Political Phalanxes - The American Spectator | USA News and Politics
Political Phalanxes

It was just a skirmish, two reconnaissance parties meeting in advance of the main forces. Still, the outcome was so different from their last encounter, that both sides are now reassessing the prospects of the next engagement.

We are not talking about war, but the recent elections and their national ramifications next year.

Inarguably, conservatives exceeded expectations. In fact, conservatives did so even when Republicans did not. A case in point was the special election in NY-23. Here the Republicans lost the congressional seat for the first time since the mid-19th century and their formal candidate finished a distant third in the race.

However, the Conservative finished with 45.2% of the vote, losing by just 4.1 percentage points to the Democratic winner. The Conservative Party candidate polled less than 2 percentage points lower than McCain had done in last year’s presidential election. In contrast, the Democratic winner polled 3 percentage points behind Obama’s 2008 total.

In the two gubernatorial elections, the swing was even wider. In New Jersey, the Republican Christie took 48.8% of the vote to Democrat Corzine’s 44.6%. Obama took New Jersey 57%-42% in 2008. That translates into a 6.8 percentage point Republican gain and a 12 percentage point Democratic drop-off from 2008 to 2009.

In Virginia, the Republican McDonnell took 58.7% of the vote to Democrat Deeds’ 41.3%. In 2008, Obama won the state 53%-47%. The 2008-2009 swing is an 11.7 percentage point Republican gain and a Democratic drop of 12 percentage points.

Even in the little-noted CA-10 special election, the same volatile swing was evident. In 2008, Obama had won the district with 64.7% of the vote versus McCain’s 33.2%. In the 2009 special election, the Democrat won with 53% to the Republican’s 43%. Even with a double-digit margin, the Democrat vote percentage dropped 11.7 percentage points and the Republican’s gained 10 percentage points.

Moral victories are not necessarily political victories. For that reason, Republicans walked away with only two wins in these four races. Yet for those who are more focused on next year’s races than this year’s outcomes, the larger story of volatility is clear.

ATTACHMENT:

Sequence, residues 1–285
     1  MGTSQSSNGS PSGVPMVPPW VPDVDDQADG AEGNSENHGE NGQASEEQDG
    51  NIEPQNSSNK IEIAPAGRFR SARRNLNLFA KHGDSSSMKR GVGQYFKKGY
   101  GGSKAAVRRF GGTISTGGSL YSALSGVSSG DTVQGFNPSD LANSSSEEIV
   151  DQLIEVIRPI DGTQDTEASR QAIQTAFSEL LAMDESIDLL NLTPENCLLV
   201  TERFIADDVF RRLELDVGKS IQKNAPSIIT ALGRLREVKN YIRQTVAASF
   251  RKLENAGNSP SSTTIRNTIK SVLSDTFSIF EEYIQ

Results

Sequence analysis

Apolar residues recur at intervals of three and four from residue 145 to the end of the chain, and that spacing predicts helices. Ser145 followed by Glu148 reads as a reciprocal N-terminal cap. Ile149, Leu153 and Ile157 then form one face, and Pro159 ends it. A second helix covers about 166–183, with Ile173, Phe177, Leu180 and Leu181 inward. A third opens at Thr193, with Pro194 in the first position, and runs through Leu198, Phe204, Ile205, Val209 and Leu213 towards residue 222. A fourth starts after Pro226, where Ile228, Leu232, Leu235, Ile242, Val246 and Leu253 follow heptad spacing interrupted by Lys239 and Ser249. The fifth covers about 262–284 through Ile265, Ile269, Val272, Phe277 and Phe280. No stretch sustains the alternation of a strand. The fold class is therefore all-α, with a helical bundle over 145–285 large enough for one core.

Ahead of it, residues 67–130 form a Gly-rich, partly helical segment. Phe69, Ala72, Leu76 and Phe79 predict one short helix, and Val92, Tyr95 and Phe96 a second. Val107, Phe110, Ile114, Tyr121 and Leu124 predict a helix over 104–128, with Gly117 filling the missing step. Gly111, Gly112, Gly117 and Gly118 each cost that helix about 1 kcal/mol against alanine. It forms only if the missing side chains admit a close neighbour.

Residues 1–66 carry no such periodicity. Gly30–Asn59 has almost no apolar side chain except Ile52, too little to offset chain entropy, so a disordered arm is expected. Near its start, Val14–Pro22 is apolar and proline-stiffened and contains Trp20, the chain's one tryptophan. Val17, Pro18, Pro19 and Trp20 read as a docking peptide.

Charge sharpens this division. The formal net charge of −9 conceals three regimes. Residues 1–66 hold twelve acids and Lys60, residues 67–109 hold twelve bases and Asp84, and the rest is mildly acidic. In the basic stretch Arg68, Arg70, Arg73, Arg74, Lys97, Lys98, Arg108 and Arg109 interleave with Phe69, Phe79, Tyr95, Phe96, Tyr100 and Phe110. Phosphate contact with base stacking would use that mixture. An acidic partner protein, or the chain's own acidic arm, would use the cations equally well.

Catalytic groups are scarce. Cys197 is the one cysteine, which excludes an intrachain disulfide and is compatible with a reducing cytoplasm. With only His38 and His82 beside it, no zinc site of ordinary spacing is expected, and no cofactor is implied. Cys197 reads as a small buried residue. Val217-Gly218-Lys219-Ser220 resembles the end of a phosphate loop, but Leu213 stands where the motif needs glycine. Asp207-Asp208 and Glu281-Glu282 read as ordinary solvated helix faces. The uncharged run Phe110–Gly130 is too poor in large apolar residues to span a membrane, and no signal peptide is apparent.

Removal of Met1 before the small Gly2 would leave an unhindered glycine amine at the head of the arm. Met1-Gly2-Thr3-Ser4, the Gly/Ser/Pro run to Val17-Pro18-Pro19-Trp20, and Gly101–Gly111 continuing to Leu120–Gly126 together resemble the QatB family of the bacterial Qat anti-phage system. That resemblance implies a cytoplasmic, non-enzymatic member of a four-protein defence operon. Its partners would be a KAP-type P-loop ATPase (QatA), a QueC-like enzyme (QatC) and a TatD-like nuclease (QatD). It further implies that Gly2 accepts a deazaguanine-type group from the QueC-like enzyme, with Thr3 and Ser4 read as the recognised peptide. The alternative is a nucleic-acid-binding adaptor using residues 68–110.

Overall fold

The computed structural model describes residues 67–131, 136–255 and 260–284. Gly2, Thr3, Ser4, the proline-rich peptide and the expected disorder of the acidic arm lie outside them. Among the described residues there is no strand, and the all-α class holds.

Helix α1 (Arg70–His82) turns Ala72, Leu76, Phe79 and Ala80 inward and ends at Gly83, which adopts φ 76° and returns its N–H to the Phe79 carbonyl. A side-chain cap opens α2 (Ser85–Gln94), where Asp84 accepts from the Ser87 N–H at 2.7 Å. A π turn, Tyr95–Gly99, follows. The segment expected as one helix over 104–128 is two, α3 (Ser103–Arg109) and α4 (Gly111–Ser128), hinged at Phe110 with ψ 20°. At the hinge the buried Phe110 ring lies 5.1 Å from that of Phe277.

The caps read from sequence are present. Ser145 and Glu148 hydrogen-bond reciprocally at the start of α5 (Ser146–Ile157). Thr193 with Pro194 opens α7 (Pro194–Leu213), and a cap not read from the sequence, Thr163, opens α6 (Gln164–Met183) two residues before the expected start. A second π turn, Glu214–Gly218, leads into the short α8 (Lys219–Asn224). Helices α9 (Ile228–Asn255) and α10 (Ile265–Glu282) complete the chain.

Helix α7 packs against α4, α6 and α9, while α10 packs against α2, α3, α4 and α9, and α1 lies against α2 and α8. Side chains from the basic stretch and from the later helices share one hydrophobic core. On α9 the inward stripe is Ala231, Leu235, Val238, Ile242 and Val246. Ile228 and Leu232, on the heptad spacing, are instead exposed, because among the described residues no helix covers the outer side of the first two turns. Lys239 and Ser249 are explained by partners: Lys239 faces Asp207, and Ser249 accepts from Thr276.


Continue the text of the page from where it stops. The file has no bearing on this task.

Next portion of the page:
The following table gives a range of American politics. Most elections take place in Tier One. In definitive outcomes, they move into Tier Two. In rare instances, they extend into Tier Three.

Tier One: Both parties motivated
Tier Two: One party only motivated
Tier Three: One party motivated and expanded
Tier Four: Alternating party motivation and expansion

What made 2008 so unusual was the fact that Obama not only motivated the Democratic voting base, he expanded it. At the same time, the Republican base shrank. These two divergent movements created the appearance of a landslide. In terms of the preceding table, it was a rare Tier Three elections.

The recent 2009 results raise the possibility that the 2010 outcome may be equally volatile… in the opposite direction. If such were to be the case, the result might not simply be another Tier Three outcome — noteworthy enough in itself. It could presage a new cycle, a Tier Four period, whereby the electorate swings widely back and forth.

What is the rationale for such a possibility? For one thing, Obama again will not be on the ballot in 2010 — helping re-create the 2009 dynamic. He presumably will be in 2012 (potentially re-creating the 2008 surge) and then will not be in 2014 and 2016. If his presence and absence causes the electorate swings seen in 2008 and 2009, these next four elections could be extraordinarily volatile.

The palpable anti-incumbency and dissatisfaction in the electorate only adds fuel to this fire. A recent 10/27 NBC/Wall Street Journal poll (conducted 10/22-25 with1,009 adults with a margin of error of +/- 3.1%) showed only 41% of respondents said their representative deserved re-election, while 49% said it was time to give a new person a chance. Seventy-six percent said that “only some of the time” or “never” did they trust “the government in DC to do what is right.” Eighty percent said they were “somewhat dissatisfied” or “very dissatisfied” with “the state of the US economy today” and 55% thought the economy would “get worse” or “stay same” over the next 12 months. Sixty-three percent expected unemployment to increase.

The recent rise in the national unemployment rate to 10.2% underscores the economy’s continuing negative impact on the electorate. The fact that many estimators don’t see the rate falling much below 10% through next year is another warning sign for politicians. At the same time, controversial issues in Washington are likely to extend into next year — health care and climate legislation both have the potential to exercise the electorate rather than calm them.

Ancient Greece’s citizens fought each other in phalanxes; modern America’s do so in political parties. Yet, the outcomes are not dissimilar. Tightly packed and well-organized, phalanxes were comprised of heavily armed soldiers that fought in close formations with spears pointing outward. Moving in unison, they collided amidst great din and exertion but inflicted and suffered relatively few casualties in most battles…as long as the phalanxes held. Only when the ranks weakened and then disintegrated did carnage ensue.

Each party’s ranks have alternated between strengthening and weakening in the last two elections. If this continues, the political battlefield is likely to be bloody indeed.

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